The National Origins Act of 1924 — intact throughout the lead up to, during, and immediately following the Holocaust — was replaced only when the Immigration and Nationality Act of 1965, a consequence of the U.S. Civil Rights movement, established a system based on an immigrant’s skills or family relationship with a U.S. citizen or legal permanent resident.
Current challenges to accepted refugee law
The United States’ humanity and compassion in protecting vulnerable refugees is again being tested. Donald Trump put the world on notice when, at the start of his campaign, he used criminalizing and dehumanizing language to describe people crossing the southern border of the United States, whom he characterized as rapists and drug dealers.
More recently, he used similarly dehumanizing language to describe “people coming into the country” from the southern border, saying: “These aren’t people, they are animals.” The Democrats, he charged, want “illegal immigrants, no matter how bad they may be, to pour into and infest our country, like MS-13.” Again, the accusation of sub-human criminality against immigrants by a sitting President, similar to the politically motivated rhetoric of Theodore Roosevelt’s administration.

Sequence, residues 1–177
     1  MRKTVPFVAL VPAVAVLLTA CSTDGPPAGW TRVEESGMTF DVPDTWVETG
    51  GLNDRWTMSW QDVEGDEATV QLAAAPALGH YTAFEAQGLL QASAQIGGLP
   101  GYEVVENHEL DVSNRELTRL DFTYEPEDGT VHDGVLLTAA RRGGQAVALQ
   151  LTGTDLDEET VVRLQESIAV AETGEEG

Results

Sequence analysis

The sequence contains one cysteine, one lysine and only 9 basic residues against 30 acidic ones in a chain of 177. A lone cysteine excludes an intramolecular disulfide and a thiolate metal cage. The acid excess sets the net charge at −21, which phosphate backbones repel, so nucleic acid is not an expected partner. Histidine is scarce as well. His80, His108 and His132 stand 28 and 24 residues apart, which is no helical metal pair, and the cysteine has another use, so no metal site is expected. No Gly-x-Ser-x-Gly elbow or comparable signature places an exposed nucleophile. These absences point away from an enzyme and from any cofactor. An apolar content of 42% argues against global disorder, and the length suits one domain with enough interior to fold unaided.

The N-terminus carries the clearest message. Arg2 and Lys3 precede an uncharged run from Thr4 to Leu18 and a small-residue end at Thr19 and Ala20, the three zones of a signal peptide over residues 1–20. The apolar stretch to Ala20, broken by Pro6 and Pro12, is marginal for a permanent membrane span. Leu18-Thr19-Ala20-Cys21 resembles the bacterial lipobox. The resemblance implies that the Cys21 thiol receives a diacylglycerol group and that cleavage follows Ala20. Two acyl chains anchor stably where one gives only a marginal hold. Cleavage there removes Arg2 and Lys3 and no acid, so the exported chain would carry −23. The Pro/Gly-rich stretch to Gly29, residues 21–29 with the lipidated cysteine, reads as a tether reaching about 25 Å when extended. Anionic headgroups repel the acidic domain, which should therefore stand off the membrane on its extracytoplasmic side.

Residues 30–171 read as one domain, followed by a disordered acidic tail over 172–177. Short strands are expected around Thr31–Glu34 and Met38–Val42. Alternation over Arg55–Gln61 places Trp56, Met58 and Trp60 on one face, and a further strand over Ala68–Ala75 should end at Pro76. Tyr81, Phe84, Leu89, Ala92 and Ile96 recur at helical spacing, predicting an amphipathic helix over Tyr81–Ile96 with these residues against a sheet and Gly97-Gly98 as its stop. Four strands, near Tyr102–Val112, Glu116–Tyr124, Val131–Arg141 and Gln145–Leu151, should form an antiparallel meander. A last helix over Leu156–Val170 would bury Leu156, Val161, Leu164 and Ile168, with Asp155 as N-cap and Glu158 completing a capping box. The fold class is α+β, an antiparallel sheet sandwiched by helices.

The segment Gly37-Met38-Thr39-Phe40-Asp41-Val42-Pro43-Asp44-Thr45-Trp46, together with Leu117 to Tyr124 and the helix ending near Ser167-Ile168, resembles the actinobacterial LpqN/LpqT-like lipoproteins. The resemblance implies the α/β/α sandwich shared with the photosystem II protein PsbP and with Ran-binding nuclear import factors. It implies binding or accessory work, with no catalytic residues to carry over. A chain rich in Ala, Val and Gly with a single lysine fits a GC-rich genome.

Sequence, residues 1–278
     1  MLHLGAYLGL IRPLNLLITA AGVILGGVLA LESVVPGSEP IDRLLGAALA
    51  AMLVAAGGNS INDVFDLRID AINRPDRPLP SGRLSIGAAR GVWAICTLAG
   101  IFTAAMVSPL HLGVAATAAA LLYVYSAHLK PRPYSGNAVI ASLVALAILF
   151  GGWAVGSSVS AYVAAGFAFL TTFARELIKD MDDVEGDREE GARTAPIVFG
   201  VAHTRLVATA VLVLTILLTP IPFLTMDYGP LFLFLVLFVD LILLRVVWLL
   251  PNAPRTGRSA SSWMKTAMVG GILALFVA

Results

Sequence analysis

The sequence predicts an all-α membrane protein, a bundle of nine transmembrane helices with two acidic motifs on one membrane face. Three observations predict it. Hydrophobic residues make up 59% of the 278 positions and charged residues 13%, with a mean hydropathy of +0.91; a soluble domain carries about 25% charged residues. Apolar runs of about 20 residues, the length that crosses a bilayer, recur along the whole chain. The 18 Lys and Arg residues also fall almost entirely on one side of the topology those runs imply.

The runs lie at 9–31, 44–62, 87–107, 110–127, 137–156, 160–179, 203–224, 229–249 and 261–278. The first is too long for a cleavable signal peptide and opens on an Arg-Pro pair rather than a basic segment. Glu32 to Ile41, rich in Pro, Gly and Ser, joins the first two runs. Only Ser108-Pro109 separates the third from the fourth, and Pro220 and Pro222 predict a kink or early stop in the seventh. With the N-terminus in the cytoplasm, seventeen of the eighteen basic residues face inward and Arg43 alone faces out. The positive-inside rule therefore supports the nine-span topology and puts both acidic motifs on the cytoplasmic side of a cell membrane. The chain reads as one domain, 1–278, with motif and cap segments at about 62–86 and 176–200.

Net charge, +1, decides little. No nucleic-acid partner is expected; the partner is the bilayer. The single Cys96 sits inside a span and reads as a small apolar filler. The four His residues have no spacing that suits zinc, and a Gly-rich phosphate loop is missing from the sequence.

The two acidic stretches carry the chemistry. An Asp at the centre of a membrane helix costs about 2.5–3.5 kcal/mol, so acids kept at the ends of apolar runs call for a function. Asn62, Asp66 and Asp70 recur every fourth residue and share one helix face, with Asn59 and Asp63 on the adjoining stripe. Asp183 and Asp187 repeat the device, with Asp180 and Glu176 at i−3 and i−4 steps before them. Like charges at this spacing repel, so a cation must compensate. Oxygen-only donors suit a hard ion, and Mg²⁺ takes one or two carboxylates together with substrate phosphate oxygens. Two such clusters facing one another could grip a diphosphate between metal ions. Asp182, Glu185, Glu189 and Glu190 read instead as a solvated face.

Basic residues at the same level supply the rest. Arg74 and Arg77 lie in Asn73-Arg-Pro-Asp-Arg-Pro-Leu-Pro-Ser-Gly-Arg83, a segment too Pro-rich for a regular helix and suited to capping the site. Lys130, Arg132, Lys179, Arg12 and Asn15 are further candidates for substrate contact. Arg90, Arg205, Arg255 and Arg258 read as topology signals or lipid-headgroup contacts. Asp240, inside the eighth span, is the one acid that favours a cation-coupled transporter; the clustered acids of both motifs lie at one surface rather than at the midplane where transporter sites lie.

Let’s be clear about who exactly is being targeted with this language. What we are currently witnessing is primarily the flight from violence of Honduran, Guatemalan, and Salvadoran families through Mexico and across the border into the United States. Most families, victimized or threatened by gangs, are asking for asylum.
According to the United Nations Refugee Convention, the Universal Declaration of Human Rights, and the US Refugee Act of 1980, it is not illegal to cross a border without prior authorization to ask for asylum, that is, for protection on the grounds of persecution for reasons of race, religion, nationality, political opinion, or membership in a particular social group. That right has been one of the most cherished principles of both the international and the U.S. refugee system that was created following the Holocaust, and it owes its existence in part to international guilt over failing to protect people from the violence of fascism and the Holocaust.
Moreover, U.S. and international refugee law prohibits forcibly returning people to countries where their lives are in danger. It is a moral obligation to protect people in harm’s way. This obligation, and the refugee system, are both violated by criminally prosecuting asylum seekers who seek protection, including victims of domestic or gang violence.